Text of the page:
GULLANE, Scotland (Reuters) - The Royal & Ancient (R&A) avoided a “real disaster” by watering the Muirfield greens midway through the British Open, according to Joburg Open champion Richard Sterne.
The British Open organizers said on Saturday their decision to water the putting surfaces meant they were less firm and that was enough to satisfy South African Sterne who fired a third-round 68 that he felt could have turned into a much lower score.
“I found it a lot better today,” the 31-year-old told reporters after finishing on five-over 218. “The greens were more receptive and the flag positions were a lot more accessible.
“Receptive in a way so you could at least attack them on certain holes and the pace of the greens were much friendlier.
“The course was almost going to get unplayable if they didn’t do anything about it. I’m glad they did otherwise I think it would have turned into a real disaster,” said Sterne.
“Even if the wind picks up a bit later today I think the scoring will be better.”
Sterne, playing in the opening match of the day in the third round, mixed four birdies with a solitary bogey on another sun-drenched day on the picturesque east coast of Scotland.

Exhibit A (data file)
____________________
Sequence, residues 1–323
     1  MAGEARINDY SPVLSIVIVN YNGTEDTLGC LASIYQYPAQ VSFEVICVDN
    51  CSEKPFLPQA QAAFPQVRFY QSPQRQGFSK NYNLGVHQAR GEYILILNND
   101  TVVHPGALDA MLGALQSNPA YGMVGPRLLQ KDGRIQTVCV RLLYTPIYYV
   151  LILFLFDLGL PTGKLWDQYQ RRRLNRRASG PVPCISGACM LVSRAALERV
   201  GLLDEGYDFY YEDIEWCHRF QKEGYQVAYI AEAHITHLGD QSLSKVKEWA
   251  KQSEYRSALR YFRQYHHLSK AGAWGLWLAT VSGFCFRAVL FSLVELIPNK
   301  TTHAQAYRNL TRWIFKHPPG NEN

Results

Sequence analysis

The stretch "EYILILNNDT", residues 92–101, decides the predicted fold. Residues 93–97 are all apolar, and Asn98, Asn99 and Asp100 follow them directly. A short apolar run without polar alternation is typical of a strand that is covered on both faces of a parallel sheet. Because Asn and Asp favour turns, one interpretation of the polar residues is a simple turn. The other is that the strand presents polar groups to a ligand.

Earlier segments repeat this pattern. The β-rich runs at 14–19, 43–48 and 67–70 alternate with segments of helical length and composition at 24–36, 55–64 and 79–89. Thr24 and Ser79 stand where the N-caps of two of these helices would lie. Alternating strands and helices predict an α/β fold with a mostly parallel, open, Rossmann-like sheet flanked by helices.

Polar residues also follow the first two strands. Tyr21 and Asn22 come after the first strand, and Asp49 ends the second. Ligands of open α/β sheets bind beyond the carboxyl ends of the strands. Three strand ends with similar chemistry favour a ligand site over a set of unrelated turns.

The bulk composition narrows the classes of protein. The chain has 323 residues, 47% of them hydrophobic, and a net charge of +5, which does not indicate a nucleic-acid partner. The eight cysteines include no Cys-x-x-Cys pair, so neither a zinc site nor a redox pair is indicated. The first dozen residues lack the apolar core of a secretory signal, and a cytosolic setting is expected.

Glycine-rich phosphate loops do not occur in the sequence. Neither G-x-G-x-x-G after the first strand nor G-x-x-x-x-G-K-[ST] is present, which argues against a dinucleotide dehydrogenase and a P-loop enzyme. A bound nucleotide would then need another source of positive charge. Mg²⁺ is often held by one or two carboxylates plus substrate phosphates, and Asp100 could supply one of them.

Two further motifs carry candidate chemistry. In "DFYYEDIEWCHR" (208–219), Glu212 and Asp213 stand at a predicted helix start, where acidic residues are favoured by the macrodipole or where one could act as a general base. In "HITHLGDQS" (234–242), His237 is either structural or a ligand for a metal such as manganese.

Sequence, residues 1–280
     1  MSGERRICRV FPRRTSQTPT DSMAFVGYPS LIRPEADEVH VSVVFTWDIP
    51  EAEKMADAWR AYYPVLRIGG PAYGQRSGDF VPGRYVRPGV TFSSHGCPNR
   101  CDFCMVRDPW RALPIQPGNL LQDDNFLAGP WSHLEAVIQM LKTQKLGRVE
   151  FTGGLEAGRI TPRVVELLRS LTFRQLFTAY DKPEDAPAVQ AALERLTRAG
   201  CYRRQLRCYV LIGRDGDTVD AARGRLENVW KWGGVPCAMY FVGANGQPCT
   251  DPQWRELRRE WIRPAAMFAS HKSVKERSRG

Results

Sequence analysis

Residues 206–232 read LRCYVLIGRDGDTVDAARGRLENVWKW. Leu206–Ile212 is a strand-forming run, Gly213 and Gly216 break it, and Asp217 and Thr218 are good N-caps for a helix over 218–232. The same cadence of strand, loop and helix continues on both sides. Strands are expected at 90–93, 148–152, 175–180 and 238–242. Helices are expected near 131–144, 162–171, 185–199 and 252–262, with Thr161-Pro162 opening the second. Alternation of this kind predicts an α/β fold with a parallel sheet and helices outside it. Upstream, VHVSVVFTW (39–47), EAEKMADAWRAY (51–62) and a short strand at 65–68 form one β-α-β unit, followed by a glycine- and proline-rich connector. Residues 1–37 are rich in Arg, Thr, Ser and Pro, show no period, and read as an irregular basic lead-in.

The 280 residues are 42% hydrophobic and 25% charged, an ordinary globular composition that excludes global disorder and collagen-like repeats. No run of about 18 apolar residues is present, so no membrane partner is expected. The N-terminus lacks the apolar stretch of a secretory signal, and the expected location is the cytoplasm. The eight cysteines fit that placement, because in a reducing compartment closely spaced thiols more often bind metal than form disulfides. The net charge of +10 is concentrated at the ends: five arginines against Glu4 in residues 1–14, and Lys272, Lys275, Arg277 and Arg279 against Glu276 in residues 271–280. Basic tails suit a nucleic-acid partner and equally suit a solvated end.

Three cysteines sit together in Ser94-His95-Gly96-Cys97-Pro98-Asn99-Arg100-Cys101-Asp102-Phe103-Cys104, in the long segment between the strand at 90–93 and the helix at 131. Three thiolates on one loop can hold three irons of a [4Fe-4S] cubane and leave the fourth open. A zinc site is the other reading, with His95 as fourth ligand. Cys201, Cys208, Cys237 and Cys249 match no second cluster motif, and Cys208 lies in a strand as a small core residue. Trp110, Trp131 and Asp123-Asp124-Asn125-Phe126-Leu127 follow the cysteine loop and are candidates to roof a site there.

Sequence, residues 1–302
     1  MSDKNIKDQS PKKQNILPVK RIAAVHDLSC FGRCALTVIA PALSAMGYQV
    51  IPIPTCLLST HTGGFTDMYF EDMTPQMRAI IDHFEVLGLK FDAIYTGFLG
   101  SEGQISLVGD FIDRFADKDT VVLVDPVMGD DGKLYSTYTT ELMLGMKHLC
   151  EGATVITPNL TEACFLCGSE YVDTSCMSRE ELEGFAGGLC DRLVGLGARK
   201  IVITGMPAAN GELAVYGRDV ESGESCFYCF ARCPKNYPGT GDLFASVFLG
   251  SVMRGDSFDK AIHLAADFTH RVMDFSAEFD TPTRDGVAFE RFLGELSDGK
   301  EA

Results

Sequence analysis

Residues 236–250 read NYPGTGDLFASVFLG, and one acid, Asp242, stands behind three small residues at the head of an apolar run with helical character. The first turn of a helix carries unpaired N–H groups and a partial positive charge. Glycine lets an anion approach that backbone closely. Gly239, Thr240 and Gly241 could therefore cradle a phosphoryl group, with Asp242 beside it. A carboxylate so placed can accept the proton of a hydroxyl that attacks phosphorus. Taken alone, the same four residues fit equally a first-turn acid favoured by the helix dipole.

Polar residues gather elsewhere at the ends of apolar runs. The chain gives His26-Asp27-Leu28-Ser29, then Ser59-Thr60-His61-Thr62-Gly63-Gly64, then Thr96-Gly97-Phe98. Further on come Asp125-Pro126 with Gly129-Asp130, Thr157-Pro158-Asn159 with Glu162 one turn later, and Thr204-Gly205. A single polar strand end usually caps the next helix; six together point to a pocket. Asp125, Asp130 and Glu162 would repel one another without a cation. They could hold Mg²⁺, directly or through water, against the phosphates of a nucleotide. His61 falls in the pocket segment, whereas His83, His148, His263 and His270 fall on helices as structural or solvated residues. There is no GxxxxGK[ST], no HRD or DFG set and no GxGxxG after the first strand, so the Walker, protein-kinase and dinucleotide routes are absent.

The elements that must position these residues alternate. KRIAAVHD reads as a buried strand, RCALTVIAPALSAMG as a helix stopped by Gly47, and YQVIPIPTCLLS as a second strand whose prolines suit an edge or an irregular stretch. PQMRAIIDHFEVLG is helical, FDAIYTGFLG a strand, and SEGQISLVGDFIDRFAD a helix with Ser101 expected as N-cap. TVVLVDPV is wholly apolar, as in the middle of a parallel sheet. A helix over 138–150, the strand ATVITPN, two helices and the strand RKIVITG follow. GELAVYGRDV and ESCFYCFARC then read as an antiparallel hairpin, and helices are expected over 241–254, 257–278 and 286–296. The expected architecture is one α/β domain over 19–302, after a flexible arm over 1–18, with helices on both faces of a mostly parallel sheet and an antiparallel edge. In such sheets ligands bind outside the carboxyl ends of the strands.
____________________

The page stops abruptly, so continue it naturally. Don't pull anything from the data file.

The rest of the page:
“If the light winds die down someone could shoot a 65 today, maybe a 64,” said the world number 34. “But I think it’s going to get a bit firmer as the day gets on and the greens will become a bit bouncier.
“If you just think you can take it on at the wrong time this course will bite you. I played well and I definitely left four or five shots out there...it could have been something special.”
Sterne won for the sixth time on the European Tour when he lifted the Joburg Open title for the second time in his career in February.
He went close to taking his tally to seven victories two weeks ago when he finished runner-up to Britain’s Graeme McDowell in the French Open at Versailles.
“It’s been a pretty consistent year,” said Sterne. “I’ve been happy with it.
“I’d just like to keep the consistency going and ... I’d really like to win a big event.”
Editing by Justin Palmer